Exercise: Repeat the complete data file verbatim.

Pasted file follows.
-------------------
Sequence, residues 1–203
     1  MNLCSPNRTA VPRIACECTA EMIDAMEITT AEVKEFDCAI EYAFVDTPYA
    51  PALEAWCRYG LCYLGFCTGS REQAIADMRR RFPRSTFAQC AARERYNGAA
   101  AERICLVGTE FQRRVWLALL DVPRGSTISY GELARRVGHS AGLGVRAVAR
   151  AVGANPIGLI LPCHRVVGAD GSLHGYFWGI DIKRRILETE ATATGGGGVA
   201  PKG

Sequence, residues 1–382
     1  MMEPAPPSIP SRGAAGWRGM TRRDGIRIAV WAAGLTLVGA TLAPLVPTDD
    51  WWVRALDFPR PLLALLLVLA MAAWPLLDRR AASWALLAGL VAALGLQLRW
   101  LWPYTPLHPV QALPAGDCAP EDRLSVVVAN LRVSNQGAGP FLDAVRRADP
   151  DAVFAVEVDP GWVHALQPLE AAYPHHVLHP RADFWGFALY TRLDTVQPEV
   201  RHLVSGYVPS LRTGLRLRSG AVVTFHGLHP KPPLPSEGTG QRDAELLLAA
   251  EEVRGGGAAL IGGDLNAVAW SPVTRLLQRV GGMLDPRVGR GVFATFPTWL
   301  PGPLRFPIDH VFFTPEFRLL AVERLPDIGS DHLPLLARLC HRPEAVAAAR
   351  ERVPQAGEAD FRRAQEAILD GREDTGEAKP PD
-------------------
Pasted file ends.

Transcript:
Sequence, residues 1–203
     1  MNLCSPNRTA VPRIACECTA EMIDAMEITT AEVKEFDCAI EYAFVDTPYA
    51  PALEAWCRYG LCYLGFCTGS REQAIADMRR RFPRSTFAQC AARERYNGAA
   101  AERICLVGTE FQRRVWLALL DVPRGSTISY GELARRVGHS AGLGVRAVAR
   151  AVGANPIGLI LPCHRVVGAD GSLHGYFWGI DIKRRILETE ATATGGGGVA
   201  PKG

Sequence, residues 1–382
     1  MMEPAPPSIP SRGAAGWRGM TRRDGIRIAV WAAGLTLVGA TLAPLVPTDD
    51  WWVRALDFPR PLLALLLVLA MAAWPLLDRR AASWALLAGL VAALGLQLRW
   101  LWPYTPLHPV QALPAGDCAP EDRLSVVVAN LRVSNQGAGP FLDAVRRADP
   151  DAVFAVEVDP GWVHALQPLE AAYPHHVLHP RADFWGFALY TRLDTVQPEV
   201  RHLVSGYVPS LRTGLRLRSG AVVTFHGLHP KPPLPSEGTG QRDAELLLAA
   251  EEVRGGGAAL IGGDLNAVAW SPVTRLLQRV GGMLDPRVGR GVFATFPTWL
   301  PGPLRFPIDH VFFTPEFRLL AVERLPDIGS DHLPLLARLC HRPEAVAAAR
   351  ERVPQAGEAD FRRAQEAILD GREDTGEAKP PD